Episode 42: Is more or less volatility ahead for US equity markets?
15 Feb 2022
After the relatively stable upward march of US equity markets in 2021, January was a wild ride for investors. Year-to-date, US stocks have been volatile, with multiple days where markets were up or down several percentage points, and extreme intra-day volatility as well. Should investors expect more volatility in the weeks and months ahead?
In episode 42 of The Flip Side, Global Head of Research Jeff Meli and Head of US Equity Strategy Maneesh Deshpande present arguments for the possibility of both more and less volatility ahead, taking into account factors including rate hikes by the US Federal Reserve, goods and services consumption, labor force participation rates, and companies’ exertion of market power.
Jeff Meli: Welcome to this episode of The Flip Side. I'm Jeff Meli, the Head of Research at Barclays. I'm joined today by Maneesh Deshpande, our US Equity Strategist. Thanks for joining, Maneesh.
Maneesh Deshpande: Thanks for having me, Jeff.
Jeff Meli: All right. Today we're going to talk about the US equity markets. After having quite a run last year, stocks started off 2022 with a big sell-off and a big surge in volatility.
Maneesh Deshpande: That's right, Jeff. Year-to-date, US stocks have been quite volatile, with the S&P 500 Index down 10% at one point. Even more remarkable has been the volatility. We've had multiple days where markets have been up or down several percent points, and the intraday volatility has been extreme as well.
Now, markets have stabilised since then, albeit at lower levels, but I think we are in for sharp year still. The forces driving the volatility in January, such as high rates are not going away, and there are big changes coming to consumers that will pose a real headwind for stocks.
Jeff Meli: Well, I disagree, Maneesh. I think investors are overestimating the extent to which rates will rise and big companies in the US, I think, are very well positioned to continue to make money in this environment.
Maneesh Deshpande: I'll start with a more pessimistic outlook. The biggest driver right now is the Fed. It has signaled very strongly that it is about to start to tighten monetary policy to combat inflation that has been surprisingly persistent.
Jeff Meli: Yes, that's right. We're forecasting that the US Federal Reserve will hike interest rates five times this year. We also think that it will end the asset purchases that it started at the height of the COVID pandemic, both low, really zero interest rates, and the asset purchases were used to support the economy and markets at the start of the pandemic.
But at this point, we're back to full employment, inflation is high, and these measures are no longer needed and they might even be doing harm. Mind you, I'm not that convinced how much hiking is actually going to be necessary.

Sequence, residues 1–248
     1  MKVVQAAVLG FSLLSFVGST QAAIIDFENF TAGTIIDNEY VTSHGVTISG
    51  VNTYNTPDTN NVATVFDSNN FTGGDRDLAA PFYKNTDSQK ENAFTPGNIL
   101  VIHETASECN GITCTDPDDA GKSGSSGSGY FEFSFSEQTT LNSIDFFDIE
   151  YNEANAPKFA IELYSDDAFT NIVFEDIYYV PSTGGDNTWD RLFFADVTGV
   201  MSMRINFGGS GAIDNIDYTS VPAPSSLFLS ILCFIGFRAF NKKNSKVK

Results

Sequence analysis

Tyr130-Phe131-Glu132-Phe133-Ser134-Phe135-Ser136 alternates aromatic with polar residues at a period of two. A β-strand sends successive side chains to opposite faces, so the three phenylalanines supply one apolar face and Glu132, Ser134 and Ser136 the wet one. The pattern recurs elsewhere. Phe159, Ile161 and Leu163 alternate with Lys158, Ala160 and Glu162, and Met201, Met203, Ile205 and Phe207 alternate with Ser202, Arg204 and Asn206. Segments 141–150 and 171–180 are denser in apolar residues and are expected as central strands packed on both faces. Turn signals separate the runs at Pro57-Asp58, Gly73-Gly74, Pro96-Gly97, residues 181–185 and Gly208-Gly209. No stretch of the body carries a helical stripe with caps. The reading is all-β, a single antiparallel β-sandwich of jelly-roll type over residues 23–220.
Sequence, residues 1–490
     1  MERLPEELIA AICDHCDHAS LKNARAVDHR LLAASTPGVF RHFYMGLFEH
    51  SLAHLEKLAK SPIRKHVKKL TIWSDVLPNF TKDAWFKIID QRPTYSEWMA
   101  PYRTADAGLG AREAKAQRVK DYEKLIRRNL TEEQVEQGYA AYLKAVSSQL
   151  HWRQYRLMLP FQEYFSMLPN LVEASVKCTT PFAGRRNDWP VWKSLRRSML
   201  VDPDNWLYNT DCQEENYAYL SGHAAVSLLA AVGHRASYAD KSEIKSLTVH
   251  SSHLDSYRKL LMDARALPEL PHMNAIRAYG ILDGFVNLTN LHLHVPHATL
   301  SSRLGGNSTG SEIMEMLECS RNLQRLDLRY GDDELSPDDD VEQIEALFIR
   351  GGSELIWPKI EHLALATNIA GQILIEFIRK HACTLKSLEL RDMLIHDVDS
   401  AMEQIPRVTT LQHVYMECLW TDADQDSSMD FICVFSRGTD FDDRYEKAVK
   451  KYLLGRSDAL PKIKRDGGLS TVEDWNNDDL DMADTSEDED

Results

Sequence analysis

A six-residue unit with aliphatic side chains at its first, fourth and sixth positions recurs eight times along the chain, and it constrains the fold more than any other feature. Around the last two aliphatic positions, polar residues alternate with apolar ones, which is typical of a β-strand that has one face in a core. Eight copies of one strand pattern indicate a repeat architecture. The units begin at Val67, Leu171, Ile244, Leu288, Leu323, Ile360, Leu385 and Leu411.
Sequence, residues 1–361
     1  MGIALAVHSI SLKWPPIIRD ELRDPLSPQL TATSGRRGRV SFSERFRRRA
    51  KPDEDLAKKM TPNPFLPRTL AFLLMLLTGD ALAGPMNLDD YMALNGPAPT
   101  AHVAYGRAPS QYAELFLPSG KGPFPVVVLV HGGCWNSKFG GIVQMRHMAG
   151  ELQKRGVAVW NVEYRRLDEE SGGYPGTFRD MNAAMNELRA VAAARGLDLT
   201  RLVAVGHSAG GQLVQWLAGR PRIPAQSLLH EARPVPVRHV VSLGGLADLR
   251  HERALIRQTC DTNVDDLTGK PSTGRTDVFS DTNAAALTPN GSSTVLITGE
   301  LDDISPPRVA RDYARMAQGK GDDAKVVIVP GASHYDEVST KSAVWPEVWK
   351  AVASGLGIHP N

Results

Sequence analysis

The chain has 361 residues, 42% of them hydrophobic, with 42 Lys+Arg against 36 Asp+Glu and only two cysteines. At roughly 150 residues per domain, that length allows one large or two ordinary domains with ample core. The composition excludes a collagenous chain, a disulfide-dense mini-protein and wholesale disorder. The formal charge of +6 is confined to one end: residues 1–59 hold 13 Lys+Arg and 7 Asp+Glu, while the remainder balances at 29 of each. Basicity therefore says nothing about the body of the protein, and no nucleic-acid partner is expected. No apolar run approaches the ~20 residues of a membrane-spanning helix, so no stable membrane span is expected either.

Maneesh Deshpande: Well, necessary or not, it's coming, Jeff. And we have a long history of what happens to equities during the hiking cycle. Equity valuations, that is how much the market is willing to pay for future earnings, fall.
Jeff Meli: Yes, but there's a lot of reasons why that relationship exists. So first of all, as rates rise, investors have more options to generate yield, so they don't need to be so heavily invested in equities.
Also, when interest rates are higher, the cost of borrowing goes up. So corporate debt is more expensive, and corporations are less likely to make big investments that are going to generate future growth. So all of that combines to lower equity valuations.
Maneesh Deshpande: Yes, and as the hiking cycle progresses, the current one that is, I expect multiples to fall just like history suggests. This process is going to lead to more volatility over the course of the year.
A major problem, by the way, is that valuations are quite high right now for US equities, which means they have more room to fall. For example, consider the price-to-earnings multiple, which is the ratio of the market value of a stock to its current earnings, which is a common way to judge valuations. Currently, this is about 20 for The S&P 500. That is 10% higher versus pre-pandemic levels.
Jeff Meli: Well, Maneesh. I have two objections to this narrative. First of all, at this point, the US Federal Reserve has very well telegraphed the path forward. Investors have reacted, for example, in interest rate markets, these hikes are fully reflected. I don't see why equity markets should continue to react to a series of events that we should all see coming months ahead of time.
Maneesh Deshpande: And the market is actually more aggressive than what we are forecasting and it is pricing in six to seven hikes this year, and even a 90% probability that there would be 50 basis point hike in March.